As far as the chronic pain, that’s a tough one. Hope you can find some way to cope

    • PatriotLiberal November 8, 2017 at 11:21 am

      It depends on who makes up the congregation.

    • ladybugavenger November 8, 2017 at 4:01 pm

      They havent erased you from their book yet? Geeeeze, do you want me to send them a letter with an eraser to get rid of your name?

      • comments November 8, 2017 at 5:02 pm

        lol, u gotta send them some kind of certified letter requesting to get off their books, and even then I’m not sure they remove you permanently. I know I’m already on their “naughty list” because I never paid them when I was an “active member”. More than once the Bishop brought me in for a firm chit chat for not paying, but at least I didn’t get a spanking. The whole thing is ridiculous and I don’t care if I’m on their books. They never send anyone around to try and re-recruit me anyway, and I figure that’s also because I’m on the “non-payer naughty list”. At the end of the day the LDS system is all about the cold hard cash $$$. Back in the good old days they’d let a guy have like 50 wives, but modern mormonism… I mean, really, what’s the point? Endless boring meetings, working for free in “callings”, forking cash over… No thanks. If they had little missionaries coming by all the time to “reactivate” me I’d get myself taken off thier books, or at least try. But I aint no pay pig and they know it so they don’t bother, lmao.

        • ladybugavenger November 8, 2017 at 7:45 pm

          I wonder if they have a log that says, Bob owes…x amount of dollars, we cant close his account.

          • comments November 8, 2017 at 8:16 pm

            Yup, I owe a lot of years of back tithing lol

  • Sapphire November 8, 2017 at 8:51 pm

    This is such a sad situation for you. This may sound harsh, but it isn’t the responsibility of others to entertain you or comfort you. People are good for short term, such as bringing a meal or helping with housework after surgery. Some will be happy to perform a specific task for you, go to the store. Family will often extend themselves to a larger degree. But each of those other people have their own work, problems, and health issues to deal with every day, too. Life isn’t easy on anyone. It can be a downer to see someone never get better. There are those who may think you must have done something awful to not be blessed by God to get better. There are others who may annoy you with platitudes like God must love you so much to give you so many challenges. Ugh! I too live in constant pain, but I just do what I can and make my own life as best I can and try hard to not complain especially to my spouse. It is hardest on them. Being disabled is very hard. Spinal problems can affect all sorts of functions and bring incredible pain, but you just have to remember how amazing the gift of life is… to see and hear and feel. No other animal comprehends the way we do. So you pull yourself together, and get yourself through the day or hour or even minute when it is that bad. And research! I have found many things that have helped me manage my pain instead of drugs.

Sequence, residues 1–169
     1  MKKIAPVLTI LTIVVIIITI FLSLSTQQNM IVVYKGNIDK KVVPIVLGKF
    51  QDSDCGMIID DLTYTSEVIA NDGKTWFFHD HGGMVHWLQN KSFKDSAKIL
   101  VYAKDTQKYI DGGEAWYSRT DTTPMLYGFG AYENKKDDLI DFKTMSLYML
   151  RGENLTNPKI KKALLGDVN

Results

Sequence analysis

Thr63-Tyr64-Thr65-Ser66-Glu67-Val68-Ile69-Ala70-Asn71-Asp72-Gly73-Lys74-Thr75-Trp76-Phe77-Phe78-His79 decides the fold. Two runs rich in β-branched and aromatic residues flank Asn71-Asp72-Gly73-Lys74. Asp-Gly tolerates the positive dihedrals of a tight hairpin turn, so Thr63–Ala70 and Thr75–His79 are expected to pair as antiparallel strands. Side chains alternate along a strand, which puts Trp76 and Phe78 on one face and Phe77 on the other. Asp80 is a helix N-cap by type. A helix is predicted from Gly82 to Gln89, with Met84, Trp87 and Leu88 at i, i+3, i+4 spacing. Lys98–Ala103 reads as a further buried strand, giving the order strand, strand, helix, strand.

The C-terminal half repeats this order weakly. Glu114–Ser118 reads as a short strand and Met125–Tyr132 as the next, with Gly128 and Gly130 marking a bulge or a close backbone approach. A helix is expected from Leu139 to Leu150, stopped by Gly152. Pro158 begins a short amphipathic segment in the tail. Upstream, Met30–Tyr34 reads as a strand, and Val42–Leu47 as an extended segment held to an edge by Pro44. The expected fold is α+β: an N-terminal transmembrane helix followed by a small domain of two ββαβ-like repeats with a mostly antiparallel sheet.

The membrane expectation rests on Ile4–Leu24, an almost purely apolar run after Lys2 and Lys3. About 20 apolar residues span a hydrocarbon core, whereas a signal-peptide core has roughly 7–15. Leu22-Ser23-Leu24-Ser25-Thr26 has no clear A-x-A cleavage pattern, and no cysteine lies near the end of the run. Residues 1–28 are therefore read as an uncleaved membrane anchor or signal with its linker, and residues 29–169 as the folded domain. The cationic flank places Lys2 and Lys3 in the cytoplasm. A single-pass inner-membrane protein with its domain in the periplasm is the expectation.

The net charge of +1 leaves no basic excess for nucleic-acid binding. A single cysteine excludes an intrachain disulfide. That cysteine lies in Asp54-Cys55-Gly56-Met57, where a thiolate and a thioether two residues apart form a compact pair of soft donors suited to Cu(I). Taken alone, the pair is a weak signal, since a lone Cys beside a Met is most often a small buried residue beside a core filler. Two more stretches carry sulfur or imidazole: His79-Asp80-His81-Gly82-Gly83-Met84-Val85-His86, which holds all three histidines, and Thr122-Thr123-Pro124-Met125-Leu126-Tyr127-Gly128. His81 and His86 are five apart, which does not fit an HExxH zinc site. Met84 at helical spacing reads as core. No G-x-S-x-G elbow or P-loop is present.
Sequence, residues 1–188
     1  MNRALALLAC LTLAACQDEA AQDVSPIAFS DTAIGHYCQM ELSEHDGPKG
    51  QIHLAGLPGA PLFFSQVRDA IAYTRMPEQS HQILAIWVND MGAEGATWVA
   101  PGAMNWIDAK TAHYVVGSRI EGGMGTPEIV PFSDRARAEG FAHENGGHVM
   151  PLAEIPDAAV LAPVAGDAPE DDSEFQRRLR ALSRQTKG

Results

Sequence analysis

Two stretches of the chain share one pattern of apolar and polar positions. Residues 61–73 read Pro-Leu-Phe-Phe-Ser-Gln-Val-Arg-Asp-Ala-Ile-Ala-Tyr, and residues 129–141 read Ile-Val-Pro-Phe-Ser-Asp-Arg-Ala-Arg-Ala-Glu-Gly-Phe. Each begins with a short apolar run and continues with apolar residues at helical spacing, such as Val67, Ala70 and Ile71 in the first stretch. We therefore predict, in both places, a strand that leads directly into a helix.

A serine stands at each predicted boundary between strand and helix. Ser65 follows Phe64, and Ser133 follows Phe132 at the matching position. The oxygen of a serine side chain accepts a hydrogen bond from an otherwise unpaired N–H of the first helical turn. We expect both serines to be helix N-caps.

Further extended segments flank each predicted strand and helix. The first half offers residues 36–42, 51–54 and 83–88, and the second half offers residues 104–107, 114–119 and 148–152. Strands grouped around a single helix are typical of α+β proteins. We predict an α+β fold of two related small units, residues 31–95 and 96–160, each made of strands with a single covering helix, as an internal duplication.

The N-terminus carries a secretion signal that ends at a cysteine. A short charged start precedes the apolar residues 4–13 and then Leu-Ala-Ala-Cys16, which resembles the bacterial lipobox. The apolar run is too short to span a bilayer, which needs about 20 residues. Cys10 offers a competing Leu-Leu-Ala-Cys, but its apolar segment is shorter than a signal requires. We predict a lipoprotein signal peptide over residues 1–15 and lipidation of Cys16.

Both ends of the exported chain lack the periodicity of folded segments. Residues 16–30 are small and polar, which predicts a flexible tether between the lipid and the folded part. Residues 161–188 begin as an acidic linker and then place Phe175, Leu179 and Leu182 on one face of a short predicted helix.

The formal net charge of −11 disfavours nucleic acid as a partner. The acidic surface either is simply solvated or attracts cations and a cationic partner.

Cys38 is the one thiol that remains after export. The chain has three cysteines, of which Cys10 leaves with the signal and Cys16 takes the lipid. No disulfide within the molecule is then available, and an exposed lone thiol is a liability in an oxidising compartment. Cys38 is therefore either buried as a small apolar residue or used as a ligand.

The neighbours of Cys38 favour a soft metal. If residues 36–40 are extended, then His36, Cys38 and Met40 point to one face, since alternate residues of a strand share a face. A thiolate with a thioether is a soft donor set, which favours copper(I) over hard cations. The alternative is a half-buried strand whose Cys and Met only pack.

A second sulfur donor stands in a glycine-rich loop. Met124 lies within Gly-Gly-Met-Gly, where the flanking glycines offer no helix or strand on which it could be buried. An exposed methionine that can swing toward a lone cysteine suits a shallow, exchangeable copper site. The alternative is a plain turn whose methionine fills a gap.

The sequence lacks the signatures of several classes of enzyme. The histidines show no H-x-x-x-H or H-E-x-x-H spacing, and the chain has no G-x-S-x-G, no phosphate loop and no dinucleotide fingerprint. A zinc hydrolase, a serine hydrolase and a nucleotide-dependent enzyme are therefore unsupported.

• comments November 8, 2017 at 10:20 pm

      Could be the truth. Could be that people simply don’t like her and don’t want to be around her. As far as “visiting teachers” or “home teachers” or whatever they’re called now in LDS lingo, people assigned to do it simply don’t like to do it much of the time, and so they simply don’t. Even less of a chance of them doing it if they don’t like the people they’re assigned to

      • comments November 8, 2017 at 10:33 pm

        There might be chronic pain support groups out there, and that’s what i’d recommend. It’s possible she’s exhausted LDS mormonism as a viable social outlet.

  • STGLivekindly November 9, 2017 at 8:30 am

    To “comments”. You seem to view yourself as an expert on the LDS Church, yet you don’t go and speak negatively of it. I’ve known many members who could never pay tithing, but received great benefits from the church. Did you know of people like this when you were going? If you had the means to pay your tithing and didn’t, then that is your choice, but I know that paying tithing brings blessings. I’m sorry that you denied yourself those. I joined when I was 21, some 30 years ago. A shallow religion, it is certainly not. The people are not perfect, yet all those not participating in the faith seem to think they should be. Why? If you wanted to remove your membership, you would have done it already. Clearly, you do not want to. And for that, I’m grateful.

    • comments November 9, 2017 at 11:58 am

      I see no reason to have my membership removed. I’ve been on their books since I was 8yrs old; what would even be the point of it? Nothing to gain from it on my end. I’ll always have some connection to mormonism since I was born in UT and born into the religion. I don’t believe any of it in the least and I don’t like the church, but it’ll always be… something I’ve lived. So I’m never gonna go all nuts about sending in letters of resignation and trying to get off their books, plus I don’t want the local bishop coming by for a chit chat if I was to send in a letter. I simply don’t care enough to bother with it. I was never heavily into the religion in the first place, so I’m not out anything

  • youcandoit November 9, 2017 at 10:08 pm

    I can empathize I found out who my real friends are. I have a rare spine disease it’s very painful. You have to count your blessings look at the positive at least you have a significant other. I have to push myself hard to volunteer even if I can power through for half an hour then I pay for it later with body flares. I’m writing a book about how to stay positive in situations like this. I’ve tried reaching out to the people I thought were my friends. Oh well their loss